We visit an almost deserted Wapping Wharf where footfall has ‘massively reduced’ since Gaol Ferry Bridge closure

‘There’s certainly people from south Bristol we just don’t see anymore’

Just before midday on a crisp and sunny autumn Saturday and Cargo at Wapping Wharf is quieter than I can remember it in the five years since it opened.

Since 2017, this exciting development of converted shipping containers has grown into Bristol’s main food and drink hub, as well as home to several local independent retail businesses. But since the closure of the Gaol Ferry foot and cycle bridge at the end of August, footfall is down considerably and businesses are worried about the winter ahead.

The bridge was the main route for pedestrians and cyclists travelling and commuting from south Bristol to the harbourside. Before it closed, there would be a daily flood of people walking and cycling through Wapping Wharf but now it’s just a trickle.

Gaol Ferry Steps at Wapping Wharf was almost deserted when we visited on Saturday lunchtime

The closure is to carry out essential repairs and although the initial estimate was for it to take around nine months, many business owners are worried it will take longer and maybe even through to the end of summer 2023.

People living in Southville and Bedminster now have to use Vauxhall Bridge or Bedminster Bridge, but either way it adds 15-20 minutes to the journey and many simply aren’t bothering. Businesses on Gaol Ferry Steps are finding it especially tough.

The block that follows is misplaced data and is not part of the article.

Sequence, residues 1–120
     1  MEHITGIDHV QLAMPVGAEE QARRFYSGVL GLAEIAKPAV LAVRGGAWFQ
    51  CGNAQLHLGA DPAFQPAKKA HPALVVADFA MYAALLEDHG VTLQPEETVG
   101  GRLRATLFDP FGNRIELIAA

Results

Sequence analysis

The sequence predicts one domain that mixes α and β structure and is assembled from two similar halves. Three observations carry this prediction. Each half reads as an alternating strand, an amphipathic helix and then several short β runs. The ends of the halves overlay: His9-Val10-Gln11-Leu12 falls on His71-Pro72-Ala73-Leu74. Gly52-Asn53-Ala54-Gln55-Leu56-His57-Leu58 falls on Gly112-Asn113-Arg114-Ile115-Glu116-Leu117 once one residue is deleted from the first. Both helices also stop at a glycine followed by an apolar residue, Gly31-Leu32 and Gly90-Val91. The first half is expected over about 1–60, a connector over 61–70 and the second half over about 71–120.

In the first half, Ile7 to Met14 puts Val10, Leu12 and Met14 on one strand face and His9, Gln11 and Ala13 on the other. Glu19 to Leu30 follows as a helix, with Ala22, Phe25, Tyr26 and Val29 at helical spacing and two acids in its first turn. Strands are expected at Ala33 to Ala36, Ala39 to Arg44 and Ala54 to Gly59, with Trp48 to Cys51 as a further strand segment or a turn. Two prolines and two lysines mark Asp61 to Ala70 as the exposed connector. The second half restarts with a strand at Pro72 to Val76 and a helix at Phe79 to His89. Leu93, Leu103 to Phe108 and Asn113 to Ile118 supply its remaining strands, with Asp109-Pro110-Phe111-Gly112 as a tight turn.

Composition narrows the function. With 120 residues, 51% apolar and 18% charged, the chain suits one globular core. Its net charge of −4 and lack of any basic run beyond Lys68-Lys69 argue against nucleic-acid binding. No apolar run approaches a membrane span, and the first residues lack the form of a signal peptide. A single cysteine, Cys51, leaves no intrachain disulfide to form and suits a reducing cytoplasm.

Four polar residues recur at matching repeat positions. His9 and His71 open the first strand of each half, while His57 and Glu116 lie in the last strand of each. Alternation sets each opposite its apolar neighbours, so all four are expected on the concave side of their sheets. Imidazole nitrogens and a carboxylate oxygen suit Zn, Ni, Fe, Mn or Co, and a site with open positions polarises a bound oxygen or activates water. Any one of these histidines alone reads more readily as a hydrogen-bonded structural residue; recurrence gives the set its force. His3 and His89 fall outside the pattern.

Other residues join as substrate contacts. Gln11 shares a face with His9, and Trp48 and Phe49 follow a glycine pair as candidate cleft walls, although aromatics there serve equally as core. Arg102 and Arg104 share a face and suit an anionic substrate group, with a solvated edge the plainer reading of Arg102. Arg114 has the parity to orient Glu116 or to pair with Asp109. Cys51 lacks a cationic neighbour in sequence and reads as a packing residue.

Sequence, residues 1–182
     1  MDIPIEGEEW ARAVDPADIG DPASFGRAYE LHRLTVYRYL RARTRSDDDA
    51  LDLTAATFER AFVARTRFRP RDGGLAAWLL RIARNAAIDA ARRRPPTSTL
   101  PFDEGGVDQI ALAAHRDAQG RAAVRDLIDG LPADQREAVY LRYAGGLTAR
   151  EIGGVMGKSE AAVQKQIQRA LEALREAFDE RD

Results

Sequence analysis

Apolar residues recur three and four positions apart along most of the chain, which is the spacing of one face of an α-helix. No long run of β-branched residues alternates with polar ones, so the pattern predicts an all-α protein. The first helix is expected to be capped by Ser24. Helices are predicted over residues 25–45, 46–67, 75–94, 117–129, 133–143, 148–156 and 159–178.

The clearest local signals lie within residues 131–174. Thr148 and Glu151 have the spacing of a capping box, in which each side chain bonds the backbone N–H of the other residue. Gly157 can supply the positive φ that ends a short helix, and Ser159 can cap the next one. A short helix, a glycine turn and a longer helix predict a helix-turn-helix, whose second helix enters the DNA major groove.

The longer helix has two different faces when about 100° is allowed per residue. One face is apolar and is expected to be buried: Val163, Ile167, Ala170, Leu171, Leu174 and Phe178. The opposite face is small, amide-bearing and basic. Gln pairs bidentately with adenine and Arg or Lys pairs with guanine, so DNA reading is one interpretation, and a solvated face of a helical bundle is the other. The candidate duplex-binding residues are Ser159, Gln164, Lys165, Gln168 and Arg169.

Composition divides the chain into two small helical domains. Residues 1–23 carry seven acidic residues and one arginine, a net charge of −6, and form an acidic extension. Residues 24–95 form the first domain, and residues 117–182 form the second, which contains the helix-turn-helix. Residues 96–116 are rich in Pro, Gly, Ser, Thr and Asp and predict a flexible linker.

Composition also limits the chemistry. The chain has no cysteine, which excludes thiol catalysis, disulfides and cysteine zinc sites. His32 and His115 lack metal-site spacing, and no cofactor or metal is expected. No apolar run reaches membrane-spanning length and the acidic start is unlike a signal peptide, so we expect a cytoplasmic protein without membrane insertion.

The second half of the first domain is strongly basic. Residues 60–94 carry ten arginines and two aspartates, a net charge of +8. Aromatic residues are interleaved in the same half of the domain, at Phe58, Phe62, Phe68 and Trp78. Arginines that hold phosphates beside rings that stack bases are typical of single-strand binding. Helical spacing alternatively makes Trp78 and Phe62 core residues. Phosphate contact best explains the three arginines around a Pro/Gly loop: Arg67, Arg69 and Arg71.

The Better Food Company is located on the corner facing the bridge and when I visited late Saturday morning, there were three members of staff and not a single customer. It’s usually busy with people buying loaves of bread and baskets of organic fruit and vegetables.

Ben Rodgers, manager of Chopbox barbers at Cargo

Nearby Little Victories coffee shop wasn’t quite so empty but I could still get a table inside, which I rarely manage to do because it’s usually so packed.

The manager of one Cargo food outlet, who didn’t want to be identified, told me sales were 30% down. Another who wished to remain anonymous said the bridge closure had meant that many people south of the river now had to pass the huge Asda in Bedminster so simply save the extra walk by getting their food there instead of Wapping Wharf.

Ben Rodgers, manager of Chopbox, a tiny barbers occupying a single shipping container, told me it was ‘a lot quieter’ than it was, especially in the mornings, but because he relied more on bookings, rather than passing trade, it wasn’t having as big an impact as it has on cafes and other retail outlets.

“Some of the cafes are quieter as there used to be hundreds of people walking through in the mornings, getting their coffees on the way to work or college.

“This is quite a seasonal place anyway and quite weather dependent so it’s a bit of a worry that winter will be even quieter. I know a lot of people from Southville aren’t coming this way now.”

Fran Oliver’s ice cream parlour in Cargo 2 is located at the back of the M-Shed. She says things are quieter since the bridge closed. “Our regulars are coming less often as they don’t want to do the extra 20 minute walk but we still get tourists and people from the other side of town.”

Meg Evans works at house plant shop Bush Bristol

Meg Evans works at Bush Bristol, a house plant shop that changed ownership two months ago. Meg worked here prior to the new owners taking over and she has noticed the reduced footfall since the bridge closed.